I went to see Dunkirk this weekend with an economist friend who is into German and Russian World War II everything – you know an average girls afternoon out! I was interested to see the film (despite all the hype,) since I teach Christopher Nolan’s film Momento in my Early Modern Philosophy class and I have had a huge crushers on Kenneth Branaugh since Dead Again and Henry V. (He did not disappoint!) And then there is the war movie angle, especially since I regularly teach courses on ethics, violence and war.
Before going, I ran across Matt Gault’s review on War is Boring.
Ouchie! It was, I thought, a harsh review whose point seemed to be that the film was boring, lacking the traditional blood and grit of a war movie. I respect Gault, so I was intrigued by this reaction which seemed decidedly a minority view, even among the military and national security crowd I follow on social media. Having now seen the film, I can see his point. If you expect a conventional war film, this ain’t it. This is not a war movie at all.
Bear with me. Yes, I know that Dunkirk was part of World War II. Yes, I know there are soldiers, sailors and airmen and things exploding. Yes, there is some combat in the film which results in death and harm. That said, this is not a conventional war movie, at least not as Americans would expect, because it is not really about war as Americans see war. This film does a great job of conveying the experience of the historical event which takes place after a major defeat, and is the prelude to the next phase of the war. So Dunkirk is an intermission of sorts. And an intermission is a time for pause, for reflection and for preparing for the next act. And that is precisely what this film is: an existential reflection on survival, defeat and moral and existential meaning amidst all that. It is a reflection upon the pain of war when it does not go well, when there is no decisive winning battle, when there seems no place for individual heroism, when courage seems to be about enduring and surviving.
So what do I mean: This is not a war movie? This film is about the scale and horizon of the event, with little (except intermittently) focus on characters or the enemy. We do not have a chance to really get emotionally involved with any one character, and the enemy is only referred to in the beginning as The Enemy. The Germans are not named, they are not seen and are only felt in the harm they are inflicting upon the Dunkirk survivors. I expect that this is quite intentional. Why? I don’t actually think the Germans are The Enemy. If this is a film about survival and endurance, then the true enemy at Dunkirk is Time; this is a race against time, against losses that will compromise the next battle. They must survive to fight another day and every minute is a life lost.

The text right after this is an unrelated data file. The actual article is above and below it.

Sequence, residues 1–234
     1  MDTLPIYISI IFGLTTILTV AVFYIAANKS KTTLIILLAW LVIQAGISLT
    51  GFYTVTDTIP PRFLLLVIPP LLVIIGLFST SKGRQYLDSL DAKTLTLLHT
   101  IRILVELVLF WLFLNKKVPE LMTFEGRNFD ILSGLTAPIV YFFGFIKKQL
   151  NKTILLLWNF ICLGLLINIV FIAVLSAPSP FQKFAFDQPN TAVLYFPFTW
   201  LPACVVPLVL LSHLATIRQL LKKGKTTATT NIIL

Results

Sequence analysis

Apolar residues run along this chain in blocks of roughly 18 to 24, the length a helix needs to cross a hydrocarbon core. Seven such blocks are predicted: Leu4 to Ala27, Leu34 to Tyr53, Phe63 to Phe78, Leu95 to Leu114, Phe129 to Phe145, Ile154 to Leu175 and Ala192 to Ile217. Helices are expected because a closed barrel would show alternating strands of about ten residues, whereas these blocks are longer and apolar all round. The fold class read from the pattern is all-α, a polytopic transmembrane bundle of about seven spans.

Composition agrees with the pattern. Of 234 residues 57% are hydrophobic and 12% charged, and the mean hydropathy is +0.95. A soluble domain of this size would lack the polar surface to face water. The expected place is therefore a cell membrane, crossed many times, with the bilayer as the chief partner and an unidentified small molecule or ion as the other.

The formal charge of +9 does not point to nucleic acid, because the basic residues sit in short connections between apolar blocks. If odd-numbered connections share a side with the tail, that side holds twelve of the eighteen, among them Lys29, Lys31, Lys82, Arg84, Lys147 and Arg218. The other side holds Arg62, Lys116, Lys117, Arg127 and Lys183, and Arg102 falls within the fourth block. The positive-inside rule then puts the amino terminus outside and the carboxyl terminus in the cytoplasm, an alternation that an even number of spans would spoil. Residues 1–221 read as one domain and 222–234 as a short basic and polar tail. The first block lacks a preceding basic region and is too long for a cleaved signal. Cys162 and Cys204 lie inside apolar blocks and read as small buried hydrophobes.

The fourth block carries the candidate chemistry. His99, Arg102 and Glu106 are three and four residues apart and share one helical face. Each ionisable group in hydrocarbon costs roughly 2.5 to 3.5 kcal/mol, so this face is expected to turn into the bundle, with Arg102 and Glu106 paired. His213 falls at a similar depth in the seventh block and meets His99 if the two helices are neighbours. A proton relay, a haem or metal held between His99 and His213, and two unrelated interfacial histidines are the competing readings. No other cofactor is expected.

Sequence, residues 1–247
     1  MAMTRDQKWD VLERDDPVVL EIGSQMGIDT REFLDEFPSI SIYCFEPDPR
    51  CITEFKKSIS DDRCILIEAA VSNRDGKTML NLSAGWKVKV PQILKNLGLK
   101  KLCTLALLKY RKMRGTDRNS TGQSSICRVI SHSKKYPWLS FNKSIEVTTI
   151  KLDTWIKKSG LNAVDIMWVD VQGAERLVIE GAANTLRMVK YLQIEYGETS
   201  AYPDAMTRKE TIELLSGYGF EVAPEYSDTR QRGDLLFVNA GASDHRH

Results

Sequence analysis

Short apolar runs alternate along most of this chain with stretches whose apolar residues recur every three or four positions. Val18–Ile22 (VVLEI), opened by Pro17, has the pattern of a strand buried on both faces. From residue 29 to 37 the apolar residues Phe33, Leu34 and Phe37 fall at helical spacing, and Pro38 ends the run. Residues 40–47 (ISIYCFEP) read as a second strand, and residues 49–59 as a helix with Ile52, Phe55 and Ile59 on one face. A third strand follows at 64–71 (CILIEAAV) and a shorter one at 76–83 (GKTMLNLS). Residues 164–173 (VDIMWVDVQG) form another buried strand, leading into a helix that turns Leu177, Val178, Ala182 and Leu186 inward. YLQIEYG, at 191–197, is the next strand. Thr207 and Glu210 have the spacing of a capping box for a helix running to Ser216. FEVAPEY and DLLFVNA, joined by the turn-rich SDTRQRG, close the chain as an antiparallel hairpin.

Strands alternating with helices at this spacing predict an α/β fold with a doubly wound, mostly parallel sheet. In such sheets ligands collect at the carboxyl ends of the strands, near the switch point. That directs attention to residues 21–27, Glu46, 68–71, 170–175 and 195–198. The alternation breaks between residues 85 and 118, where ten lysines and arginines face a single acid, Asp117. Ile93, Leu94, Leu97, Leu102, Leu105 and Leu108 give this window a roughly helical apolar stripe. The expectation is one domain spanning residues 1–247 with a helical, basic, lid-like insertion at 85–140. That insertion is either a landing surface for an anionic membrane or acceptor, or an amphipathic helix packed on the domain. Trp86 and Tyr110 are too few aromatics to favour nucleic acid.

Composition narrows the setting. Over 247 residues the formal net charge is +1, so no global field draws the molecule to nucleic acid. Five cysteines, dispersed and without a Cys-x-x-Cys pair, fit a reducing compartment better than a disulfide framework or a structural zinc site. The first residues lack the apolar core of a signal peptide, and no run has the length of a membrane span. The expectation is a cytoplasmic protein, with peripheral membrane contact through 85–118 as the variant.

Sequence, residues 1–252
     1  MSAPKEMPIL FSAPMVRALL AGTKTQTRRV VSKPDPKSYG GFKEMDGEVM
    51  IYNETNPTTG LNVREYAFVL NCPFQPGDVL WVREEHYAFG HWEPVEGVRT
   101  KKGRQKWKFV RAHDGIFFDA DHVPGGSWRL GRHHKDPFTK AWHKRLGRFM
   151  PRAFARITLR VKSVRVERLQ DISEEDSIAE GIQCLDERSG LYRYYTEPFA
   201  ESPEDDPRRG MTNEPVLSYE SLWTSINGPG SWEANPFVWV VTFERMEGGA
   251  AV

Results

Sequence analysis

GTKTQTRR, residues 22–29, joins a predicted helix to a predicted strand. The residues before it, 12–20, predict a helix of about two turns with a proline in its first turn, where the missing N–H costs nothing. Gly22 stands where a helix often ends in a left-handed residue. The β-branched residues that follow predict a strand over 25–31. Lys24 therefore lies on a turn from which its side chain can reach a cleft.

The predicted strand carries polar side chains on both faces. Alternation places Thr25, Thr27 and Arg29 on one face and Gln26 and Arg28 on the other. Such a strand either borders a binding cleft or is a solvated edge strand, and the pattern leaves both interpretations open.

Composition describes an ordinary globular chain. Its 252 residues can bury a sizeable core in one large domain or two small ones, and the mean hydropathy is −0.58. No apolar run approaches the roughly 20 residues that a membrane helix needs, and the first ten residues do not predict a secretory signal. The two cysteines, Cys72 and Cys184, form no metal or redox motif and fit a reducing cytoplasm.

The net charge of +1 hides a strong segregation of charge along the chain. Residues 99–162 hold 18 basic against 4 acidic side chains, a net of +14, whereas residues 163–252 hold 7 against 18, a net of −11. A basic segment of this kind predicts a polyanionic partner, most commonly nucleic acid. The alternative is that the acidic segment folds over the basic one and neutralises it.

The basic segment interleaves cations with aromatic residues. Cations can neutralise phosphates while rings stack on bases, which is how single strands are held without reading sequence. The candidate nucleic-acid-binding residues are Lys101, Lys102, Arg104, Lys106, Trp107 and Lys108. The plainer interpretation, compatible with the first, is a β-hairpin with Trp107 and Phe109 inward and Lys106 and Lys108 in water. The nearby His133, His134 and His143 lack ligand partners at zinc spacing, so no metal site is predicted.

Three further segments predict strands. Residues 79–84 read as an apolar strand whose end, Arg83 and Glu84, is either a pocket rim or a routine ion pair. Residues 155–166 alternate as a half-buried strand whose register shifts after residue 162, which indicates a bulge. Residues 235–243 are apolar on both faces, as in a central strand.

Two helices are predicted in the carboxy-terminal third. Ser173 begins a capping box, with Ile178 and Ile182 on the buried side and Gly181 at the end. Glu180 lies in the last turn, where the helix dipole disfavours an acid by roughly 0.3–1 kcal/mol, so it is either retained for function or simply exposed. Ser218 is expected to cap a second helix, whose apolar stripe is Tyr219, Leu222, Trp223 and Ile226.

When I think of a war movie, I think of Saving Private Ryan, Platoon, Patton, Enemy at the Gates, The Longest Day. The classical formula is that it is largely army especially infantry centric (though not always) with the focus on a small group of characters (the band of brothers) that we get to know and follow through the film. There is often gritty, intense combat portrayed showing the harm and carnage of war (blood and other war porn elements) and we are invited to identify with the heroes/protagonists and feel enmity towards the enemy who are portrayed as evil, wrong, mean, cruel and all things to be despised. War movies are often intimate in this way – it is the duel or clash of two sided writ large. Good versus evil with a decisive battle or event as part of a clear narrative arch that results in redemption, victory and resolution. Sometimes this arch is about the band of brothers, sometimes about the warring leaders (Patton and Rommel for instance) or about warring nations, but the essential conflict is the same regardless of scale.